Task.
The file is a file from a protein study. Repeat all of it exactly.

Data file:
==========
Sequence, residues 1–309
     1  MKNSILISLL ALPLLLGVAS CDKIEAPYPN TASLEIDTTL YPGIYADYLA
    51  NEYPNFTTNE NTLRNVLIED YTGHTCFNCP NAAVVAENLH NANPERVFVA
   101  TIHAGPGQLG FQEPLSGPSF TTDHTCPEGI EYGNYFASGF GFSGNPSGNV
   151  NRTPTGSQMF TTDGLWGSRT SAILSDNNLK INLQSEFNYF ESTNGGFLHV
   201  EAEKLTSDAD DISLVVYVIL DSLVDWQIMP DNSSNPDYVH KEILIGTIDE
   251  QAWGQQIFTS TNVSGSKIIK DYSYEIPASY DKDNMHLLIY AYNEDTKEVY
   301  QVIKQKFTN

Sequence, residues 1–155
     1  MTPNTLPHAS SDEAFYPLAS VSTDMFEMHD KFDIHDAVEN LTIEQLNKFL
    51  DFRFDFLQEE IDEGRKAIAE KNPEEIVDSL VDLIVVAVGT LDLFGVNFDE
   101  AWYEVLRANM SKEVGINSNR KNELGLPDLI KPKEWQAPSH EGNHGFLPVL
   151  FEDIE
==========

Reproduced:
Sequence, residues 1–309
     1  MKNSILISLL ALPLLLGVAS CDKIEAPYPN TASLEIDTTL YPGIYADYLA
    51  NEYPNFTTNE NTLRNVLIED YTGHTCFNCP NAAVVAENLH NANPERVFVA
   101  TIHAGPGQLG FQEPLSGPSF TTDHTCPEGI EYGNYFASGF GFSGNPSGNV
   151  NRTPTGSQMF TTDGLWGSRT SAILSDNNLK INLQSEFNYF ESTNGGFLHV
   201  EAEKLTSDAD DISLVVYVIL DSLVDWQIMP DNSSNPDYVH KEILIGTIDE
   251  QAWGQQIFTS TNVSGSKIIK DYSYEIPASY DKDNMHLLIY AYNEDTKEVY
   301  QVIKQKFTN

Sequence, residues 1–155
     1  MTPNTLPHAS SDEAFYPLAS VSTDMFEMHD KFDIHDAVEN LTIEQLNKFL
    51  DFRFDFLQEE IDEGRKAIAE KNPEEIVDSL VDLIVVAVGT LDLFGVNFDE
   101  AWYEVLRANM SKEVGINSNR KNELGLPDLI KPKEWQAPSH EGNHGFLPVL
   151  FEDIE